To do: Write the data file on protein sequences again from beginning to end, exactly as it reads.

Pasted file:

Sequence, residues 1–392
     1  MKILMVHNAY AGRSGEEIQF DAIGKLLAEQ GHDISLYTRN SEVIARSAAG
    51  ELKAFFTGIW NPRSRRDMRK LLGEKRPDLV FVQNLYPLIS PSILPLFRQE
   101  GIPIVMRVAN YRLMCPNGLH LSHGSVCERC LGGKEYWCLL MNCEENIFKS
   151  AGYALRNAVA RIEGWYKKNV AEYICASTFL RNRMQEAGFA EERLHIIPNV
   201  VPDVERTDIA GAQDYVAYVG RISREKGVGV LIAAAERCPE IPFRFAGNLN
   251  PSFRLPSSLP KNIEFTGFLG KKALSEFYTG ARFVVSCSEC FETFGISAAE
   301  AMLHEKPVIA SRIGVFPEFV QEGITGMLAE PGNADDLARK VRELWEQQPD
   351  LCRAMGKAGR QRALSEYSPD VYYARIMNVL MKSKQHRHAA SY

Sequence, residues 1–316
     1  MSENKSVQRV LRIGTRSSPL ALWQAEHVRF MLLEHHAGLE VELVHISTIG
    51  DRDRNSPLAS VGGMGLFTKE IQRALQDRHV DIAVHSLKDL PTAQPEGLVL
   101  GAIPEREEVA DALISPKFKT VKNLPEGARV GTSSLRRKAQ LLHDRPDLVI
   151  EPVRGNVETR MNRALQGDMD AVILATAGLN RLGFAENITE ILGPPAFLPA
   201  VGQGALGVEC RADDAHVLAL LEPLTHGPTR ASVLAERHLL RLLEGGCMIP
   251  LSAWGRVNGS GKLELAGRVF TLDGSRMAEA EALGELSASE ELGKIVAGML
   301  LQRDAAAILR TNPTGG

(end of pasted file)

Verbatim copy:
Sequence, residues 1–392
     1  MKILMVHNAY AGRSGEEIQF DAIGKLLAEQ GHDISLYTRN SEVIARSAAG
    51  ELKAFFTGIW NPRSRRDMRK LLGEKRPDLV FVQNLYPLIS PSILPLFRQE
   101  GIPIVMRVAN YRLMCPNGLH LSHGSVCERC LGGKEYWCLL MNCEENIFKS
   151  AGYALRNAVA RIEGWYKKNV AEYICASTFL RNRMQEAGFA EERLHIIPNV
   201  VPDVERTDIA GAQDYVAYVG RISREKGVGV LIAAAERCPE IPFRFAGNLN
   251  PSFRLPSSLP KNIEFTGFLG KKALSEFYTG ARFVVSCSEC FETFGISAAE
   301  AMLHEKPVIA SRIGVFPEFV QEGITGMLAE PGNADDLARK VRELWEQQPD
   351  LCRAMGKAGR QRALSEYSPD VYYARIMNVL MKSKQHRHAA SY

Sequence, residues 1–316
     1  MSENKSVQRV LRIGTRSSPL ALWQAEHVRF MLLEHHAGLE VELVHISTIG
    51  DRDRNSPLAS VGGMGLFTKE IQRALQDRHV DIAVHSLKDL PTAQPEGLVL
   101  GAIPEREEVA DALISPKFKT VKNLPEGARV GTSSLRRKAQ LLHDRPDLVI
   151  EPVRGNVETR MNRALQGDMD AVILATAGLN RLGFAENITE ILGPPAFLPA
   201  VGQGALGVEC RADDAHVLAL LEPLTHGPTR ASVLAERHLL RLLEGGCMIP
   251  LSAWGRVNGS GKLELAGRVF TLDGSRMAEA EALGELSASE ELGKIVAGML
   301  LQRDAAAILR TNPTGG